Political advocacy – at the city, state, and federal levels – is one of the most effective ways of achieving lasting systems change in our communities and in our food system. Too often, what “policy work” means and how non-profits, community organizations, and individuals can do it effectively can be opaque and intimidating. And in many cases, the organizations and individuals with the time and resources to advocate for their interests aren’t always rooted in the communities most impacted by policy decisions. It’s long past time to flip that script.
Understanding how policy is written and passed, how it affects our lives and work, and how we can change it is an essential step towards building grassroots power and channeling the massive resources of government to where they will make the most impact. This is especially true in the lead up to the 2023 Farm Bill, which has serious implications for our collective work to transform the food system.
In this virtual series, we’ll build our collective knowledge around policy and advocacy for food systems change. Equity Advocates offers two sessions that debunk the misconceptions around nonprofits and advocacy and offer tips for how to get started and stay involved.
The National Sustainable Agriculture Coalition will then walk us through a Farm Bill 101 session as we gear up for the reauthorization of this critical piece of food systems legislation.
The series will round out with a dynamic panel discussion featuring seasoned food systems policy leaders, Lorette Picciano of Rural Coalition, Kate Fitzgerald of Fitzgerald-Canepa, LLC, Paula Daniels of the Center for Good Food Purchasing, and Savi Horne of North Carolina Association of Black Lawyers, Land Loss Prevention Project, who will offer their learnings from decades of food systems advocacy and share their vision for its future.
Meet the Trainers
Gabrielle Blavatsky (Equity Advocates)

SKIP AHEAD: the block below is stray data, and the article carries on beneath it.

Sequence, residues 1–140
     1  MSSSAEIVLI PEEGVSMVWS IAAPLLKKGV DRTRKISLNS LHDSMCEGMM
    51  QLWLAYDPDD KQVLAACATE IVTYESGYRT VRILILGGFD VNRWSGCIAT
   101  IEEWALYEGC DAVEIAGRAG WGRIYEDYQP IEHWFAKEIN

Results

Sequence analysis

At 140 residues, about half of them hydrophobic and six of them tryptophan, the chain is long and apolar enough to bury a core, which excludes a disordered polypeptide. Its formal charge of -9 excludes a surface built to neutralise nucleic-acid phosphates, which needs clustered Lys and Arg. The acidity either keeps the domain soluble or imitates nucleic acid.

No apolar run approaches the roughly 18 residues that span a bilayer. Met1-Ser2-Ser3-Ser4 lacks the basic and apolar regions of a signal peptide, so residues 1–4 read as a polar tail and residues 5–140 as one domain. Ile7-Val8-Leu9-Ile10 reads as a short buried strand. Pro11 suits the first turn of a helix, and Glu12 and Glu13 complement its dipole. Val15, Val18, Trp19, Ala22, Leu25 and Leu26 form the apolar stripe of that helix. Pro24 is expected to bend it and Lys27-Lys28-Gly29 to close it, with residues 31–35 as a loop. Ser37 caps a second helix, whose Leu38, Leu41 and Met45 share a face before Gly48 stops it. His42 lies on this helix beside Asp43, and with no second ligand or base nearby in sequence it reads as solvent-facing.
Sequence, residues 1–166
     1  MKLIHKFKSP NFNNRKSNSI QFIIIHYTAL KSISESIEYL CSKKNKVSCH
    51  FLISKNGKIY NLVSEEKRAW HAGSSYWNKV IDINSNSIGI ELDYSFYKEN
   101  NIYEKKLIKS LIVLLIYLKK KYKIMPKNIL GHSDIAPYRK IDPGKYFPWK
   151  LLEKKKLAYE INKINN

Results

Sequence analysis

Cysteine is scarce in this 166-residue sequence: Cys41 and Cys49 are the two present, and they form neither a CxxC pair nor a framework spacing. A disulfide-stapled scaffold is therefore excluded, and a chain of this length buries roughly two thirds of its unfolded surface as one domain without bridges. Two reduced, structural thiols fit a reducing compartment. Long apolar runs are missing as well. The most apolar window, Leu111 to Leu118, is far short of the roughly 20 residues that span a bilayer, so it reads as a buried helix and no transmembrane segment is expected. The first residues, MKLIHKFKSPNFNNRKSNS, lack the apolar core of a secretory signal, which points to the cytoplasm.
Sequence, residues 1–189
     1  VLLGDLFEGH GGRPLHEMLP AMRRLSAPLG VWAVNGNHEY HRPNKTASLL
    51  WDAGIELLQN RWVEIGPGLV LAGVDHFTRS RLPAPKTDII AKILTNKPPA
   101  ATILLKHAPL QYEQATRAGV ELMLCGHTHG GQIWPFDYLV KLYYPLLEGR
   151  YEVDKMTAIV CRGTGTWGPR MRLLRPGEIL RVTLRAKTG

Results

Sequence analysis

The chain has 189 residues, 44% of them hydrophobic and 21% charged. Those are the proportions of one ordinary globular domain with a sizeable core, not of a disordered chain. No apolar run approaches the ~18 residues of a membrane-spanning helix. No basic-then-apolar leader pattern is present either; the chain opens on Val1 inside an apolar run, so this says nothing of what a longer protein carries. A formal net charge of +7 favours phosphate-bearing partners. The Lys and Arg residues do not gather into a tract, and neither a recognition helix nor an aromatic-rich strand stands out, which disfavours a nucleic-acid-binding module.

Co-founder, Policy Director
Gabrielle Blavatsky is a policy analyst with experience working on local, state, and federal nutrition, public health, and agriculture issues. As Equity Advocates’ co-founder and Policy Director, she is responsible for setting the organization’s policy agenda and strategy, overseeing grasstops advocacy, operations and strategic legislative planning, and providing policy expertise that strengthens the grassroots and communication strategy.
Leah Kabran Eden (Equity Advocates)
Co-founder, Grassroots Advocacy Director
Leah Kabran Eden is an anthropologist and policy analyst with experience working on nutrition, public health, and benefits access within the nonprofit, government, philanthropic, and business sectors. As Equity Advocates’ co-founder and Grassroots Advocacy Director, she is responsible for developing the coalition’s grassroots campaigns, partner organization recruitment and coalition growth, crafting the communication strategy, overseeing data collection & evaluation efforts, and providing on-the-ground support for legislative efforts.
Cathy Day (NSAC)
Climate Policy Coordinator
Cathy worked on agriculture and climate change for most of the last 20 years. Before joining NSAC, she taught in the Environmental Science and Studies and Sustainable Food Systems programs at Stetson University, where she also led implementation of the Sustainable Farming Fund. She holds a PhD and MS in Geography from the University of Wisconsin-Madison, where she researched how Nigerian and New Mexican farmers respond to multiple stressors, including climate change. Raised in Montana, her background includes time as a farm apprentice in Alaska, as an agricultural extension agent with the Peace Corps in Niger, and as an agricultural educator in New York, New Mexico, and Florida.
Sarah Hackney (NSAC)
Sarah oversees NSAC’s overall organizational strategic direction, administration, management, and capacity-building. Previously, she served as NSAC’s Grassroots Director for nearly 8 years, working with NSAC’s member organizations and allies to empower and mobilize grassroots food and farm voices nationwide. Raised in rural Florida, her prior work has included community-led efforts to improve small farm viability, increase fresh food access, and build leadership in rural communities in the Pacific Northwest
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